Today’s Lady News: French Muslim Woman Fined For Driving While Veiled
- A French Muslim woman received a $29 fine from police in Nantes, France, for wearing a veil while driving a car. Police say the body-covering veil — called a niqab, which only had slits at her eyes — restricted her vision and could have caused an accident. However, the 31-year-old woman’s lawyer said this is part of a larger campaign by the French government to place restrictions on Muslims, which some say is religious discrimination. [BBC]
- A California appeals court has blocked director Roman Polanski’s attempt to block his extradition to the United States from Switzerland, where he is under house arrest. Months ago, Polanski was arrested after 33 years as a fugitive from justice for raping a teenaged girl. Polanski only served 27 days in jail in 1977 for the incident. [New York Times]
- Sarah Jessica Parker is going to narrate the “American Women: Fashioning a National Identity” exhibit at the Metropolitan Museum of Art in New York City. The exhibit looks at all the changes in women’s clothing from 1890 until 1940. [NYmag.com]
- Missouri’s State Senate passed legislation that adds more requirements to the existing 24-hour waiting period on abortions. Abortion providers would have to give a woman specific details about the development of the fetus and to offer them the chance to see an ultrasound and listen to a heartbeat. [KRCG]
- Kathleen Sebelius, Secretary of the Department of Health and Human Services, sent a letter to the CEO of the health insurance company WellPoint today to say she was “surprised and disappointed” at a recent bombshell that the company used a computer algorithm to locate and then drop breast cancer patients from health insurance coverage. “I hope you will consider these women and their families as you work to end this harmful practice,” Sebelius wrote. [Reuters]
- William Barnason, 57, a former building superintendent in New York City, has been sued by the United States attorney’s office for allegedly sexually harassing female tenants and demanding sexual favors in exchange for reduced rent. Lawyers say Barnason made unwanted verbal advances and threats to female tenants of three buildings on the Upper West Side, grabbed several women inappropriately, and tried to get into their apartments while drunk. Barnason also allegedly yelled obscenities at female tenants, withheld their male and refused to make repairs. The buildings’ landlord, Stanley Katz, is also named in the suit for receiving multiple complaints about Barnason but taking no action. Barnason is also a convicted “high risk” child sex offender who served 14 years in prison for molesting or raping three girls, ages 5, 6, 7, and another female who was over the age of 17. I’ve said it once; I’ve said it a thousand times: Why do we let sex offenders — let alone child sex offenders — out of prison, again? [New York Times]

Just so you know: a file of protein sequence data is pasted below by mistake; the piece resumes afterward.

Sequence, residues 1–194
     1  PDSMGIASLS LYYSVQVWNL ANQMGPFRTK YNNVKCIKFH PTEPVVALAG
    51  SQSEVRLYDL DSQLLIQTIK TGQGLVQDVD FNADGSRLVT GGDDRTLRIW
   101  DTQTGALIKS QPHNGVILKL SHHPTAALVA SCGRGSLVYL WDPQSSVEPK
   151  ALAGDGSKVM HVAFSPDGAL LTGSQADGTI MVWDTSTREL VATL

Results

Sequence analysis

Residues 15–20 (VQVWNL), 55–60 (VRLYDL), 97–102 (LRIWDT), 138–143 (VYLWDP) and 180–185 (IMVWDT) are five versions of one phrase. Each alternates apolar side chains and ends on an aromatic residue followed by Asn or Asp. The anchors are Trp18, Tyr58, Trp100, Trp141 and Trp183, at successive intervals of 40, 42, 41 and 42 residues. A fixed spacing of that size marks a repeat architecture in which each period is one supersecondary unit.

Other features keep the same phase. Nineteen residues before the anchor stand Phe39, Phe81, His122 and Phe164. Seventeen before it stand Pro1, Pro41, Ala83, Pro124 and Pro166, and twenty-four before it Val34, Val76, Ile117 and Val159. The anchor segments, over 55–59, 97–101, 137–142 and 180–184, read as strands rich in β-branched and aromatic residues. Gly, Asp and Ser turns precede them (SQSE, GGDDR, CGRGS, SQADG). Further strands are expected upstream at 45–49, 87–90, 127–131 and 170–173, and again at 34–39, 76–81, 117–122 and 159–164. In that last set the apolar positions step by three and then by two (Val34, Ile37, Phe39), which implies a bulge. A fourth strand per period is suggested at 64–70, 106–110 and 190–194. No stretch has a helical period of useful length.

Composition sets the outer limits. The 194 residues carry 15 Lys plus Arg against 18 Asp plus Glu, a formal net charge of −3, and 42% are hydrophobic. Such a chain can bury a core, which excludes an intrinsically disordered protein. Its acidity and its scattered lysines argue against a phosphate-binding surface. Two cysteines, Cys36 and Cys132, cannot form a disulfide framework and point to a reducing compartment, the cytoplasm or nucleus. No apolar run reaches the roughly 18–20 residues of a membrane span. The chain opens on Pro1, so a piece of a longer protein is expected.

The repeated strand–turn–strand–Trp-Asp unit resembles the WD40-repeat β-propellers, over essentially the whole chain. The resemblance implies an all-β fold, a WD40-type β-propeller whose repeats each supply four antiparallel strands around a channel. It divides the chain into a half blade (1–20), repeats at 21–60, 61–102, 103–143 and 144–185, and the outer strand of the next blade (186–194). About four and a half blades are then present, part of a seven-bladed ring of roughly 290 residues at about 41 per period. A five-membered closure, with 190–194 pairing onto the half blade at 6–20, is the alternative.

- Andrew Hutson, 31, the manager of a topless bar in Detroit, Michigan, has been charged with hiring a 14-year-old girl to work at All Star on 8 Mile. Police said they were alerted to the girl’s hiring by her mother, who knew her high school freshman daughter had been sneaking out of the house at night and eventually followed her to the strip club. She is now hoping the club is shut down for good. [Detroit Free Press]
- Sharon Sievers, a history professor who pioneered the women’s studies program at a California university, passed away earlier this month at age 71. Professor Sievers, a noted scholar of Japanese history, wrote that when she tried to establish a women’s studies program at Cal State Long Beach, the idea was met with “open antagonism.” The program was established, but radical conservatives balked when a student in 1982 complained about a class assignment that involved lesbianism. Phllis Schafly of the Eagle Forum took up the cause and numerous people, including the program’s director, lost their jobs. The American Civil Liberties Union then filed a sex-discrimination suit against the university on behalf of the fired director, students and faculty, including Professor Sievers. The ACLU eventually won. At the time, Professor Sievers told The New York Times, “We are not here to make people feel good. What women’s studies does is look at the unpleasant realities and contradictions of society.” [Los Angeles Times]
- A forthcoming article in the May/June 2010 issue of Foreign Affairs, says there is a “global glass ceiling” and argues that empowering women worldwide will be good for business. [Council on Foreign Relations]
- Fourteen women are sexually assaulted each day on average in the Democratic Republic of Congo, according to the United Nation’s refugee agency. The DRC has struggled for many years as a war-torn nation. [News24]
- Brian Jones, 63, of Teesside in the U.K. was convicted of murdering his 34-year-old ex-wife as she was in her home preparing a “divorce party.” Katrina Jones, 34, had hung a “pin the tail on the donkey” game with a photo of her ex’s face on it and hung posts that said “Katrin’s Divorce Party, free at last.” Brian Jones, who stabbed his ex-wife to death, claimed it was not murder because he was provoked. Katrina Jones had filed for divorce seven months earlier. [BBC]
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